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Method and circuit for disabling a two-phase charge pump

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US5973895A
US5973895A US09056546 US5654698A US5973895A US 5973895 A US5973895 A US 5973895A US 09056546 US09056546 US 09056546 US 5654698 A US5654698 A US 5654698A US 5973895 A US5973895 A US 5973895A
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signal
circuit
pump
disable
voltage
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US09056546
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Luigi Ternullo, Jr.
Jeffrey S. Earl
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Taiwan Semiconductor Manufacturing Co (TSMC) Ltd
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Vanguard International Semiconductor Corp
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    • HELECTRICITY
    • H02GENERATION; CONVERSION OR DISTRIBUTION OF ELECTRIC POWER
    • H02MAPPARATUS FOR CONVERSION BETWEEN AC AND AC, BETWEEN AC AND DC, OR BETWEEN DC AND DC, AND FOR USE WITH MAINS OR SIMILAR POWER SUPPLY SYSTEMS; CONVERSION OF DC OR AC INPUT POWER INTO SURGE OUTPUT POWER; CONTROL OR REGULATION THEREOF
    • H02M3/00Conversion of dc power input into dc power output
    • H02M3/02Conversion of dc power input into dc power output without intermediate conversion into ac
    • H02M3/04Conversion of dc power input into dc power output without intermediate conversion into ac by static converters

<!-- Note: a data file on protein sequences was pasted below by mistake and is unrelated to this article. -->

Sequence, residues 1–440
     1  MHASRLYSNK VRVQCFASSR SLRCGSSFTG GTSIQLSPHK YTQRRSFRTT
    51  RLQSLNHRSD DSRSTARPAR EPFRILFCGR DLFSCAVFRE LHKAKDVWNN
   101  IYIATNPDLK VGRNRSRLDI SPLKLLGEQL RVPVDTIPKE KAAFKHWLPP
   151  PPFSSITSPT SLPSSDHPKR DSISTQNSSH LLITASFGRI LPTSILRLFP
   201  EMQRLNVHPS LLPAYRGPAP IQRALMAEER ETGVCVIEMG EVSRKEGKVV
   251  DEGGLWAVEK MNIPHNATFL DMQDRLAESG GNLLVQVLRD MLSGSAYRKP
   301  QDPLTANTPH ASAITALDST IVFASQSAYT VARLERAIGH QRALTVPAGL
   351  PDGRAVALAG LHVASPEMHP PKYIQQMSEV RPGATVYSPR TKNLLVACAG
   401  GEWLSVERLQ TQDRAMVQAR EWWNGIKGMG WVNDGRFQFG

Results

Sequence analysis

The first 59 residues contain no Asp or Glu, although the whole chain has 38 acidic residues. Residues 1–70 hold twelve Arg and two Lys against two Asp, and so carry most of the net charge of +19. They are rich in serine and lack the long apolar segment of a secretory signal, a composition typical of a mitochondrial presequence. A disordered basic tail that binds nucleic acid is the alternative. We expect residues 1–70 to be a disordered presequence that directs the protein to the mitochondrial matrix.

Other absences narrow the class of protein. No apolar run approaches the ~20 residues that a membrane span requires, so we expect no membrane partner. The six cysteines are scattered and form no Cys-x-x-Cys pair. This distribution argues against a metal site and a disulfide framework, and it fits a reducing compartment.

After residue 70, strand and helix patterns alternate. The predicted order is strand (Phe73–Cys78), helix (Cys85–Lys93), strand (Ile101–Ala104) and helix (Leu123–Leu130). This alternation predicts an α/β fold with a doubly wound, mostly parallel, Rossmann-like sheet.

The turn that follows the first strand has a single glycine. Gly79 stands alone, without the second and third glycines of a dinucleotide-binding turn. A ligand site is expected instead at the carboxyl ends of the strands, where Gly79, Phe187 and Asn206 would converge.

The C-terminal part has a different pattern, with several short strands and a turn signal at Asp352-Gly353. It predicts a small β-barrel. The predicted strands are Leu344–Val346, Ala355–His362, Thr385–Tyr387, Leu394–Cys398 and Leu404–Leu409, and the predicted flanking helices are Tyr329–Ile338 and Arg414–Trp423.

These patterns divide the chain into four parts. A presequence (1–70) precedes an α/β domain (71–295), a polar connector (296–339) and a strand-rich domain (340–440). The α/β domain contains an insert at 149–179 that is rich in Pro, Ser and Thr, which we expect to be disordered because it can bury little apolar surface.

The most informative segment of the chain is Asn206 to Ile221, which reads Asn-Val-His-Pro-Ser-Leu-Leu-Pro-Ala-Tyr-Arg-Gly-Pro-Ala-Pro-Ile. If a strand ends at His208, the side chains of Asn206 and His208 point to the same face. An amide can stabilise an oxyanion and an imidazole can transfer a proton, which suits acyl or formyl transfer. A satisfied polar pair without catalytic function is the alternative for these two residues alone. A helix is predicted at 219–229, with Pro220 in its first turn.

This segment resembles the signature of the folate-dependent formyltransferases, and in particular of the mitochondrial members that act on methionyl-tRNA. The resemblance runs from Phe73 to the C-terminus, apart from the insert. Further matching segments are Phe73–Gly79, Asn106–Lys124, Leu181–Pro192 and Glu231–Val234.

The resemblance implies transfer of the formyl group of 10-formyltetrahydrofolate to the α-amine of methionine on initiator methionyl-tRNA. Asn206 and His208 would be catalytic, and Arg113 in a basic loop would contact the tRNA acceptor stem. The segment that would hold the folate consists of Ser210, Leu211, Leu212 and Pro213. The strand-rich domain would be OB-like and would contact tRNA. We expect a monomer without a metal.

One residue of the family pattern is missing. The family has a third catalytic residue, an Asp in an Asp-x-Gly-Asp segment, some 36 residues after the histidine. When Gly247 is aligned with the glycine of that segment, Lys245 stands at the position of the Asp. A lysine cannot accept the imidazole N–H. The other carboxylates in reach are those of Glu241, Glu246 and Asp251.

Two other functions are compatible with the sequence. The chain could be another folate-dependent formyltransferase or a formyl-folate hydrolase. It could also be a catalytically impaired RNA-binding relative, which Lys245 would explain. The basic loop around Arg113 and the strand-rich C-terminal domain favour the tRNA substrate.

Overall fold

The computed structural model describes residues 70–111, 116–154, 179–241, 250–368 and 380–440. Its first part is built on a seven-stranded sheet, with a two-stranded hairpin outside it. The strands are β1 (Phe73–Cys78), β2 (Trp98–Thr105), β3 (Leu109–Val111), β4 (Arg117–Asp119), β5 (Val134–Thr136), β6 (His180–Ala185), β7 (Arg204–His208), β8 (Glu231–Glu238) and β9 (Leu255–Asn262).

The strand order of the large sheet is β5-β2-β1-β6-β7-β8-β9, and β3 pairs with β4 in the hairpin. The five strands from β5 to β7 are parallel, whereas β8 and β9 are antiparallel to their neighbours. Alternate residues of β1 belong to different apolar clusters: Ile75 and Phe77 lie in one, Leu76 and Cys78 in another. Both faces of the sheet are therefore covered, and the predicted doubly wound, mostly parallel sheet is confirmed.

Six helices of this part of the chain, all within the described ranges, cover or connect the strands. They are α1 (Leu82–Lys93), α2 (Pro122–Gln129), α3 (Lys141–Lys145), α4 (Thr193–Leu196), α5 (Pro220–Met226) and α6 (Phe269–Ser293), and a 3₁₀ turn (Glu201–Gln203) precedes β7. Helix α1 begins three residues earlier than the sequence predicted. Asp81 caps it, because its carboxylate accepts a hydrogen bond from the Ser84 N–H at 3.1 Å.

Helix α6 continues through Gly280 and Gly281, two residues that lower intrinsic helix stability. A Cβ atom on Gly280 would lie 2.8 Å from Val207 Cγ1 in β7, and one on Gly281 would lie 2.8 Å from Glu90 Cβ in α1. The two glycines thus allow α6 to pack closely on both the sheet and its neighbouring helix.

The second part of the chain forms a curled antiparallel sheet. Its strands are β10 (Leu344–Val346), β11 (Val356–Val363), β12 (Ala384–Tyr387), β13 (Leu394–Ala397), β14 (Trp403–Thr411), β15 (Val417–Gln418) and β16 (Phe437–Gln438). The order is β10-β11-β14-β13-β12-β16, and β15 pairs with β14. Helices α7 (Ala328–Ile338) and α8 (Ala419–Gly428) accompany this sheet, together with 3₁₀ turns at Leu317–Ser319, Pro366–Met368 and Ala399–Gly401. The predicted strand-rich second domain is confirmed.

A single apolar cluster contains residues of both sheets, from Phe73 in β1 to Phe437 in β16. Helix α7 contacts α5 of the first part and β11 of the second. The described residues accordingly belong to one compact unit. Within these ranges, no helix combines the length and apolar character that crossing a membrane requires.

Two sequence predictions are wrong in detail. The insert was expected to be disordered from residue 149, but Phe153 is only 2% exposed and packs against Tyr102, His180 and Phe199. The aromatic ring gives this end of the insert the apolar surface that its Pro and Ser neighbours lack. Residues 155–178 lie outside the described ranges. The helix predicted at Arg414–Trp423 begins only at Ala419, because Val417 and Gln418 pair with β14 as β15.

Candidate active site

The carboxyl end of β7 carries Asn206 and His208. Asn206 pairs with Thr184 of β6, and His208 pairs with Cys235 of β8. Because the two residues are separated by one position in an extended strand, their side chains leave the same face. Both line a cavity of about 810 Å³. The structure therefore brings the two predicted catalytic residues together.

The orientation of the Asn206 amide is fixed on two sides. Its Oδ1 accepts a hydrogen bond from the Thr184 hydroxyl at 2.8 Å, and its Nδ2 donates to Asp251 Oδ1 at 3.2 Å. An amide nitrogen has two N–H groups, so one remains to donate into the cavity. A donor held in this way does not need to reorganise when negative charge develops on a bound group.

• H02M3/06Conversion of dc power input into dc power output without intermediate conversion into ac by static converters using resistors or capacitors, e.g. potential divider
    • H02M3/07Conversion of dc power input into dc power output without intermediate conversion into ac by static converters using resistors or capacitors, e.g. potential divider using capacitors charged and discharged alternately by semiconductor devices with control electrode, e.g. charge pumps
    • GPHYSICS
    • G11INFORMATION STORAGE
    • G11CSTATIC STORES
    • G11C5/00Details of stores covered by G11C11/00
    • G11C5/14Power supply arrangements, e.g. Power down/chip (de)selection, layout of wiring/power grids, multiple supply levels
    • G11C5/145Applications of charge pumps ; Boosted voltage circuits ; Clamp circuits therefor
    • GPHYSICS
    • G11INFORMATION STORAGE
    • G11CSTATIC STORES
    • G11C8/00Arrangements for selecting an address in a digital store
    • G11C8/08Word line control circuits, e.g. drivers, boosters, pull-up circuits, pull-down circuits, precharging circuits, for word lines

Abstract